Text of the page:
From Earthworms to Alpacas: Vote Now to Choose the Next SMRT Grant Program Winner!
Monday, April 11, 2016
For the first time ever, the winner of this year’s “Explore Your Most Interesting Genome” SMRT Grant program will be decided by the community. We’ll be using our new Genome Galaxy Initiative and Experiment’s dedicated-to-science crowdfunding platform for this worldwide event.
Here’s how it works: our top five finalists will be engaging with you directly through their project pages on the Genome Galaxy Initiative via Experiment where you will have the opportunity to learn more and ask scientists about their projects. We will be conducting daily polls so you can cast your vote for the project you feel should be supported by the SMRT Grant program (see FAQ). The four runners-up will then have a second chance at seeing their projects kick-off through promotion and public donations on Experiment.
Voting starts today and remains open until May 1. Brief descriptions of the projects follow. Who will you vote for today?
Investigator: Kylie Munyard, Curtin University
According to Munyard’s proposal, the economically important alpacas are of great scientific interest on a number of fronts, and producing a reference genome will enable new studies in both agricultural and biomedical research. Alpacas are a good model for diabetes research; they have innate mechanisms to stay free of parasites; their distant relationship to other agricultural animals makes them good for comparative study; and much more.
Investigator: Renying Zhuo, Chinese Academy of Forestry
With this project, Zhuo aims to produce high-quality genomes for two strains of Sedum alfredii: one heavily accumulates cadmium ions from polluted soil while the other doesn’t, although both are found in the same ecosystem. Scientists hope to improve on fragmented short-read assemblies and use comparative genomics to understand the plant’s mechanism for processing heavy metals, with the ultimate goal of using this information for remediating contaminated soil.
Investigator: Luis Cunha, Cardiff University
This project would sequence the extraordinary earthworm Pontoscolex corethrurus, which lives in a volcanic geothermal field with high exposure to toxic gases, extreme temperatures, and very little oxygen. Cunha’s proposal notes that preliminary work with draft assemblies indicates significant levels of horizontal gene transfer that could be better characterized with SMRT Sequencing.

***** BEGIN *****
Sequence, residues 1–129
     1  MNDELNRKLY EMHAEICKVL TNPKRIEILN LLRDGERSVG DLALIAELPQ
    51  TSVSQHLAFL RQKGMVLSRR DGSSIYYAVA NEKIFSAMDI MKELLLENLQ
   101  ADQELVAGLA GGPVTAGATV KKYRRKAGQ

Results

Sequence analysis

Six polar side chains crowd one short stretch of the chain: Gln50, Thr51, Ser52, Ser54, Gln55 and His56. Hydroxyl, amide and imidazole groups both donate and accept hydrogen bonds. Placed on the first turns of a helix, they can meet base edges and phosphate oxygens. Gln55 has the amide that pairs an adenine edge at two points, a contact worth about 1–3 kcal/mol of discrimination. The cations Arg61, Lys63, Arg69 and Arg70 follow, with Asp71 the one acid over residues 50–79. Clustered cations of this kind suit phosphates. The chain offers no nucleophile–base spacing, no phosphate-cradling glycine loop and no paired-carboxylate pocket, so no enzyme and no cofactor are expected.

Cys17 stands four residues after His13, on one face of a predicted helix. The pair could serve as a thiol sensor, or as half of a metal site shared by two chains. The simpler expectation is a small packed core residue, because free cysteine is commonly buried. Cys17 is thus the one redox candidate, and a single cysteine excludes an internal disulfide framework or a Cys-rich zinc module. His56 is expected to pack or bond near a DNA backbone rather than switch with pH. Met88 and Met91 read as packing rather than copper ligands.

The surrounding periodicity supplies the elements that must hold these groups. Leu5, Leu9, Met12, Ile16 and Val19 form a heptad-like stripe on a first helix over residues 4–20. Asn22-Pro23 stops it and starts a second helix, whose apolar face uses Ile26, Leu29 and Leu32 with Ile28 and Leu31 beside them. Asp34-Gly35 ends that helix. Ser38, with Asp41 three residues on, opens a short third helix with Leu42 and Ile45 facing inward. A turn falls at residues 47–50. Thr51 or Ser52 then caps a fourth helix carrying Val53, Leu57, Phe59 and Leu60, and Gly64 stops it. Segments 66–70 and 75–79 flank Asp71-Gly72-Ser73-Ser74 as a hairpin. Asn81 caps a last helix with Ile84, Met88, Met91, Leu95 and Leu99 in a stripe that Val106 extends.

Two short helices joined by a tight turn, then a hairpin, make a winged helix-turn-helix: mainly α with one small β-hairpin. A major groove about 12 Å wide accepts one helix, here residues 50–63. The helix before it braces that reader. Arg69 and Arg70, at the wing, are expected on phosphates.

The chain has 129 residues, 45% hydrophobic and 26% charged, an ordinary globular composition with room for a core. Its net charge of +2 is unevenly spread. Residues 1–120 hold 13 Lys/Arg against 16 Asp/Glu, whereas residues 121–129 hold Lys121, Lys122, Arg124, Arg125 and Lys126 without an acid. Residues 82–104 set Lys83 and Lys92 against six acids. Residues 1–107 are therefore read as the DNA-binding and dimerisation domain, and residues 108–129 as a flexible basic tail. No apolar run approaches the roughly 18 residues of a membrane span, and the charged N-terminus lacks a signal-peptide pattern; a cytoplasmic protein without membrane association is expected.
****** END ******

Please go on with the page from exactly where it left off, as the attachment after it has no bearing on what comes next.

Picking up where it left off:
Investigator: William Barbazuk, University of Florida
According to this proposal, the adult spiny mouse is the only known mammal with the unique ability to regenerate skin and organs after wounds without any scars or other indications of trauma, making this organism interesting for regenerative medicine. Barbazuk hypothesizes novel genes, alternatively-spliced isoforms, and gene expression regulators are responsible. He aims to use SMRT Sequencing to study the transcriptome of spiny mouse and its wound-healing properties.
Investigator: Jing-Ke Weng, MIT
This project would help a large consortium of researchers generate a high-quality genome assembly for Photinus pyralis, an American firefly. Weng’s proposal notes that the 2,000-plus species of these charismatic flashing beetles have been understudied, and that the biological mechanisms behind important traits such as bioluminescence remain unknown.
We thank our co-sponsors for their support of this event: Sage Science, Computomics, Experiment, and RTL Genomics.